Aspirin is a chemopreventive agent for colorectal adenoma and cancer (CRC) that, like many drugs inclusive of chemotherapeutics, has been investigated for its effects on bacterial growth and virulence gene expression. Given the evolving recognition of the roles for bacteria in CRC, in this work, we investigate the effects of aspirin with a focus on one oncomicrobe—Fusobacterium nucleatum. We show that aspirin and its primary metabolite salicylic acid alter F. nucleatum strain Fn7-1 growth in culture and that aspirin can effectively kill both actively growing and stationary Fn7-1. We also demonstrate that, at levels that do not inhibit growth, aspirin influences Fn7-1 gene expression. To assess whether aspirin modulation of F. nucleatum may be relevant in vivo, we use the ApcMin/1 mouse intestinal tumor model in which Fn7-1 is orally inoculated daily to reveal that aspirin-supplemented chow is sufficient to inhibit F. nucleatum-potentiated colonic tumorigenesis. We expand our characterization of aspirin sensitivity across other F. nucleatum strains, including those isolated from human CRC tissues, as well as other CRC-associated microbes, enterotoxigenic Bacteroides fragilis, and colibactin-producing Escherichia coli. Finally, we determine that individuals who use aspirin daily have lower fusobacterial abundance in colon adenoma tissues, as determined by quantitative PCR performed on adenoma DNA. Together, our data support that aspirin has direct antibiotic activity against F. nucleatum strains and suggest that consideration of the potential effects of aspirin on the microbiome holds promise in optimizing risk-benefit assessments for use of aspirin in CRC prevention and management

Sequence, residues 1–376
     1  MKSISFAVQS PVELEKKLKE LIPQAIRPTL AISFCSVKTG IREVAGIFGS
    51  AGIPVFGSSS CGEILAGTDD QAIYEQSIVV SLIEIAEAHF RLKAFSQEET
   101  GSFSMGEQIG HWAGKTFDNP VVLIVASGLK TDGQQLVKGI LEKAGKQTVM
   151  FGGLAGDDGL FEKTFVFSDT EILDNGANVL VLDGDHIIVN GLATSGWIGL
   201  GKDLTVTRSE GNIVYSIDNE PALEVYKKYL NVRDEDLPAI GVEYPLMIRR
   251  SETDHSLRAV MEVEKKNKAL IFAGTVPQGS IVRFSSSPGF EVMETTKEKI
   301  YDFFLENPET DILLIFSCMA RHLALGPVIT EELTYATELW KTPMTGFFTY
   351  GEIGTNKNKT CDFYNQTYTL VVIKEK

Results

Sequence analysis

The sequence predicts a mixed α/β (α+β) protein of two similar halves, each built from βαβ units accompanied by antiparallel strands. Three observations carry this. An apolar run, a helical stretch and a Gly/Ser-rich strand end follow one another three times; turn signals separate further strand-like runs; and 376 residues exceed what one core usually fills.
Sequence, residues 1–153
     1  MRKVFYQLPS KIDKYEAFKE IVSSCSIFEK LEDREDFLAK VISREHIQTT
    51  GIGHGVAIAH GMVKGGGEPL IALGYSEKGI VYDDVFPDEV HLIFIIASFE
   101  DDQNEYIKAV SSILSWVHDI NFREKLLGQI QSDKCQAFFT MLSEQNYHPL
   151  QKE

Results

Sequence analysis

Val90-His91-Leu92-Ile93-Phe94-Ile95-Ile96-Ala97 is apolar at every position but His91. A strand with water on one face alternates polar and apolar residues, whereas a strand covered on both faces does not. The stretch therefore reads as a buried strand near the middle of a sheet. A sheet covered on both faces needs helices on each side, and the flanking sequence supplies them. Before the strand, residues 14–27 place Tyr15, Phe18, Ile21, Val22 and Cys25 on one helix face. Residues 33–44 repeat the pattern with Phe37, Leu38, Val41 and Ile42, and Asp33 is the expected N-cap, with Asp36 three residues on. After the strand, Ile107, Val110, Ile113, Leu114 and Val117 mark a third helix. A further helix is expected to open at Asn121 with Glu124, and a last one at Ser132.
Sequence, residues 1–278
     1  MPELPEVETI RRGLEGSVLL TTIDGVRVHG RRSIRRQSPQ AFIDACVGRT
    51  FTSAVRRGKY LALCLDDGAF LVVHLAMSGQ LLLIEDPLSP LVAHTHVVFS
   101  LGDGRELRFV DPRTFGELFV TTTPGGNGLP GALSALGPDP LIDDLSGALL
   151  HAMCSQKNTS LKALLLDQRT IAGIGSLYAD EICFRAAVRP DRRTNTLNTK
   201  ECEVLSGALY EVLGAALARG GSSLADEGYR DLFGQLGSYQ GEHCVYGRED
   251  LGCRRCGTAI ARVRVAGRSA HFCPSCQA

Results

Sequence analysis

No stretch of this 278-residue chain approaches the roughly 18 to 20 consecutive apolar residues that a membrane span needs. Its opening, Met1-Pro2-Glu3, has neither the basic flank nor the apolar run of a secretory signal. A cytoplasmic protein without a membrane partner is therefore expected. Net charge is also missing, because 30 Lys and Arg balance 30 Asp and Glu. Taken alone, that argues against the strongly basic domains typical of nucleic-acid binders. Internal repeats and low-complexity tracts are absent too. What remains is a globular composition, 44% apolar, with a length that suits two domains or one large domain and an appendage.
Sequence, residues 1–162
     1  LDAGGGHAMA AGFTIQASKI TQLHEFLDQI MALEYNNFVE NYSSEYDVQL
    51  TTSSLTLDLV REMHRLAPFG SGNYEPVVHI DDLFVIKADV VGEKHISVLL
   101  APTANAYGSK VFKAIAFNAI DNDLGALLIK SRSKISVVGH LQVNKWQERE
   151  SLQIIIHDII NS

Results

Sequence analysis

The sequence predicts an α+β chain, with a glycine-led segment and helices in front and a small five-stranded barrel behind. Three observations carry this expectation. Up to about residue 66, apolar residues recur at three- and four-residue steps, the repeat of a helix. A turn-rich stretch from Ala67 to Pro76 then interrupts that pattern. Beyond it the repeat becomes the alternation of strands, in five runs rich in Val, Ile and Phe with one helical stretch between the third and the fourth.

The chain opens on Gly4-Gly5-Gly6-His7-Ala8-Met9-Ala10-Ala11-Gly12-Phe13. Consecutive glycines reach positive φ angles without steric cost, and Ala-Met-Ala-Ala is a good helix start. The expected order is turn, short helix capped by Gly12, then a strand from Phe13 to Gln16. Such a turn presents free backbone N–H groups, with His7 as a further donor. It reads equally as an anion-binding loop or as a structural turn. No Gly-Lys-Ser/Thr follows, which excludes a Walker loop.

The heterogeneity of breast cancer plays a major role in drug response and resistance and has been extensively characterized at the genomic level. Here, a single-cell breast cancer mass cytometry (BCMC) panel is optimized to identify cell phenotypes and their oncogenic signalling states in a biobank of patient-derived tumour xenograft (PDTX) models representing the diversity of human breast cancer. The BCMC panel identifies 13 cellular phenotypes (11 human and 2 murine), associated with both breast cancer subtypes and specific genomic features. Pre-treatment cellular phenotypic composition is a determinant of response to anticancer therapies. Single-cell profiling also reveals drug-induced cellular phenotypic dynamics, unravelling previously unnoticed intra-tumour response diversity. The comprehensive view of the landscapes of cellular phenotypic heterogeneity in PDTXs uncovered by the BCMC panel, which is mirrored in primary human tumours, has profound implications for understanding and predicting therapy response and resistance.